Apple Inc. (NASDAQ:AAPL) stock pulled back meaningfully on Friday as investors began to consider that perhaps iPhone 7 sales aren’t going as well as they were led to believe by strong data from U.S. carriers. The shares have yet to pick up enough steam to post any meaningful gains this week, and analysts are split on what to do with them. Bank of America Merrill Lynch sees last week’s pullback in Apple Inc. (AAPL) stock as a buying opportunity, but KGI analysts warn that fewer iPhone 7 units could be sold this year than the number of iPhone 6s units that were sold last year.

Apple Inc. (AAPL) Stock Batted Around By Analysts As iPhone 7 Debate Rages On

What really set Apple Inc. (AAPL) stock ablaze recently was the string of reports from major U.S. carriers stating that demand for the iPhone 7 was much stronger than what they saw in the early weeks of the iPhone 6s. Most analysts were thrilled with the reports and reacted by raising their price targets for Apple Inc. (AAPL) stock. However, not all were convinced, with a few calling out the fact that Verizon, the largest carrier, didn’t see exceptional preorder activity.

Some also noted that there was no data from outside the U.S., although that changed on Friday, with third parties reporting a 25% year over year decline in international sales for the iPhone 7’s first weekend. Apple Inc. (AAPL) declined to release preorder and first weekend sales data for this year’s lineup because it feels as if supply is constrained, but third parties were quick to fill the void.

Bank of America Merrill Lynch analyst Wamsi Mohan and team weighed in on the debate in a report dated September 25. They stated that third-party data for first weekend sales of the iPhone 7 is not a good indicator of demand. For one thing, Friday’s data pertaining to international markets does not include sales through Apple stores. It also doesn’t include online sales, nor does it account for supply constraints. In short, the BAML team doesn’t feel this is an apples-to-apples comparison.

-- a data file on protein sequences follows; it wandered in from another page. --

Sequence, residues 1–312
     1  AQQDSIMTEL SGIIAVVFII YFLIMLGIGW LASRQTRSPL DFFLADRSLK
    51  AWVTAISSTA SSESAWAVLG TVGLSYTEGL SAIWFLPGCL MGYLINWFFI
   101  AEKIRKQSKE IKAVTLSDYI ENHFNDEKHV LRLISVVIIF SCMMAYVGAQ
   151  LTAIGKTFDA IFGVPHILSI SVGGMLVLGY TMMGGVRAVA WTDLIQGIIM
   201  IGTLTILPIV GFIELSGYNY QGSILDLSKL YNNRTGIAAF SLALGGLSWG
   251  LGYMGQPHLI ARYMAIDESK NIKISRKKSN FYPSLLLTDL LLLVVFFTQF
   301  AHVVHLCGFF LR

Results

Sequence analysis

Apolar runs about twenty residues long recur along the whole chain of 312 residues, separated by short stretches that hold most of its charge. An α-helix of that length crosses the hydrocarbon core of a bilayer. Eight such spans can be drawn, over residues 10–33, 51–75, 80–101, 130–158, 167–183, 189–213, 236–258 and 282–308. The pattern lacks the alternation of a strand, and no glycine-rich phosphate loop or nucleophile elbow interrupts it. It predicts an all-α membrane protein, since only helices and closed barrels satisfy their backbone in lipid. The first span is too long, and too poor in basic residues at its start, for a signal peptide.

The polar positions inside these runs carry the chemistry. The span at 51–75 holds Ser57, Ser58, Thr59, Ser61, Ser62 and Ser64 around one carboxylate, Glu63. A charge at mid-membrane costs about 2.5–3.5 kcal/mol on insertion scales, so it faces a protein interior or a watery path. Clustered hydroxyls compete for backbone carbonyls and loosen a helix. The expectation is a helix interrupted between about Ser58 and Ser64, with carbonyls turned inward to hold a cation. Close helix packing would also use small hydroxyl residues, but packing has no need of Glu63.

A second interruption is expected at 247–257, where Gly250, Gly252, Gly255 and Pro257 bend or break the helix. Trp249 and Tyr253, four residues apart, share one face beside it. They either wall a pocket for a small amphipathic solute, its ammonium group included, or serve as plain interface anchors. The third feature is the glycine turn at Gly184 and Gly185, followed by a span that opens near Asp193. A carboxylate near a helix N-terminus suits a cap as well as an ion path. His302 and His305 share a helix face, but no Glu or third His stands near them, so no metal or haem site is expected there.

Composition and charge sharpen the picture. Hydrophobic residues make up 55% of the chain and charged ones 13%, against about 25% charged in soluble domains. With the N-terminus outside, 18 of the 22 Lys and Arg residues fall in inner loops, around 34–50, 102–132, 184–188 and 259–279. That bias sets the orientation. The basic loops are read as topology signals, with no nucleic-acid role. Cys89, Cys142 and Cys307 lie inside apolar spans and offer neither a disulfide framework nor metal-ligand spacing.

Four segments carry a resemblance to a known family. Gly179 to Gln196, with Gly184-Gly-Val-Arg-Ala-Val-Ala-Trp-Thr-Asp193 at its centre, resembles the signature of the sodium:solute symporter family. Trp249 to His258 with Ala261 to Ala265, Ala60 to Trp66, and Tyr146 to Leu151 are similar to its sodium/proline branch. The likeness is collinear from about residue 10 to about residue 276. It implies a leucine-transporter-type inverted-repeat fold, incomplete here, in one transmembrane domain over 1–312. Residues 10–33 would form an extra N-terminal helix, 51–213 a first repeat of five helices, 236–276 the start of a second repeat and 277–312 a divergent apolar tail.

They believe that the first weekend of iPhone sales data is usually very noisy. They see a “more reasonable comparison” in this year’s third-party data is a year over year decline of 9% in unit sales for launch weekend, although they add that this also doesn’t account for supply constraints.

They say that Japan, with its 25% year over year decline, had fewer sell-out retail locations with the iPhone 7 Plus compared to the iPhone 6s Plus last year. Further, the reporting party said the number of retailers shipping the iPhone 7 Plus over launch weekend was down 25% in multiple countries, but the BAML team noted that the data indicates that even though supply was constrained and Apple Inc. (AAPL) has a lower presence in the U.K., demand was up there year over year.

Mohan and team pointed out that Apple Inc. (AAPL) recently opened its 41st retail store in China, and they believe the company might have heavily stocked its retail stores in the country and sold more iPhones through its own stores. They believe this could account for what appears to be weakness in China. Additionally, they see the timing relative to Golden week last year as being a factor. Finally, they also note that demand for the iPhone 7 Plus appeared to have climbed more than 25% year over year in China compared to the iPhone 6s Plus last year, although demand for its smaller counterpart appeared to have declined significantly.

After analyzing the data and adding their own take, the BAML team feels that the pullback in Apple Inc. (AAPL) stock presents an “attractive” buying opportunity for investors.

Longbow analyst Shawn Harrison also feels Wall Street is underestimating how many iPhone 7 units Apple Inc. (AAPL) will sell and sees room for upside of 2 million to 3 million units based on production. They also report that Google Search trends for the iPhone 7 are tracking closer to the trends around the iPhone 6 launch, meaning there will likely be a vast improvement over what was observed with the iPhone 6s last year.

KGI Securities analyst Ming-Chi Kuo also raised his unit estimates to 75 million from 65 million. He believes the reason the iPhone 7 and 7 Plus appear to be supply constrained is because Apple launched them in a greater number of countries at the very beginning compared to the iPhone 6s launch last year. Also carriers have been aggressively promoting the phones this year. However, he also believes that this year’s iPhone is getting off to a slower start than the 6s did last year, with sales of the 7/ 7 Plus coming up short of the 6s/ 6s Plus in the last roughly three months of the year.

Shares of Apple Inc. (AAPL) stock edged upward by as much as 0.16% to $112.91 during regular trading hours on Monday.